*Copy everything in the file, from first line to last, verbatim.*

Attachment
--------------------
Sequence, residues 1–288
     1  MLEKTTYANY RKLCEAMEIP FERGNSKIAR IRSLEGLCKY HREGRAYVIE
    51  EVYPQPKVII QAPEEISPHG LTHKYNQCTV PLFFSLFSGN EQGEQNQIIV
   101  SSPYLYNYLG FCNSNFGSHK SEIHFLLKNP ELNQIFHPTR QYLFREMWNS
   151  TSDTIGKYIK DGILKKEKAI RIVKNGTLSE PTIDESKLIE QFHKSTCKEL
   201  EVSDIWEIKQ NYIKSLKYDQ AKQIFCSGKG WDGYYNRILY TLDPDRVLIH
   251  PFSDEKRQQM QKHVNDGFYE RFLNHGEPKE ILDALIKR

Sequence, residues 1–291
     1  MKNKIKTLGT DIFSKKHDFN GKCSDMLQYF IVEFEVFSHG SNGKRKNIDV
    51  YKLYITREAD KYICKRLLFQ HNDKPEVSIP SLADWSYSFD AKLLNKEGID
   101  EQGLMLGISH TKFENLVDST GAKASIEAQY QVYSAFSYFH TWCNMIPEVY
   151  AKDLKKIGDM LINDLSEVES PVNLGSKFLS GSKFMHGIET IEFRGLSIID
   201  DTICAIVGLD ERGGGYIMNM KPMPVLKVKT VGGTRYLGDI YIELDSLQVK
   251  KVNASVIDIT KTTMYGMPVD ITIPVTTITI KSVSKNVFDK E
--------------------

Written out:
Sequence, residues 1–288
     1  MLEKTTYANY RKLCEAMEIP FERGNSKIAR IRSLEGLCKY HREGRAYVIE
    51  EVYPQPKVII QAPEEISPHG LTHKYNQCTV PLFFSLFSGN EQGEQNQIIV
   101  SSPYLYNYLG FCNSNFGSHK SEIHFLLKNP ELNQIFHPTR QYLFREMWNS
   151  TSDTIGKYIK DGILKKEKAI RIVKNGTLSE PTIDESKLIE QFHKSTCKEL
   201  EVSDIWEIKQ NYIKSLKYDQ AKQIFCSGKG WDGYYNRILY TLDPDRVLIH
   251  PFSDEKRQQM QKHVNDGFYE RFLNHGEPKE ILDALIKR

Sequence, residues 1–291
     1  MKNKIKTLGT DIFSKKHDFN GKCSDMLQYF IVEFEVFSHG SNGKRKNIDV
    51  YKLYITREAD KYICKRLLFQ HNDKPEVSIP SLADWSYSFD AKLLNKEGID
   101  EQGLMLGISH TKFENLVDST GAKASIEAQY QVYSAFSYFH TWCNMIPEVY
   151  AKDLKKIGDM LINDLSEVES PVNLGSKFLS GSKFMHGIET IEFRGLSIID
   201  DTICAIVGLD ERGGGYIMNM KPMPVLKVKT VGGTRYLGDI YIELDSLQVK
   251  KVNASVIDIT KTTMYGMPVD ITIPVTTITI KSVSKNVFDK E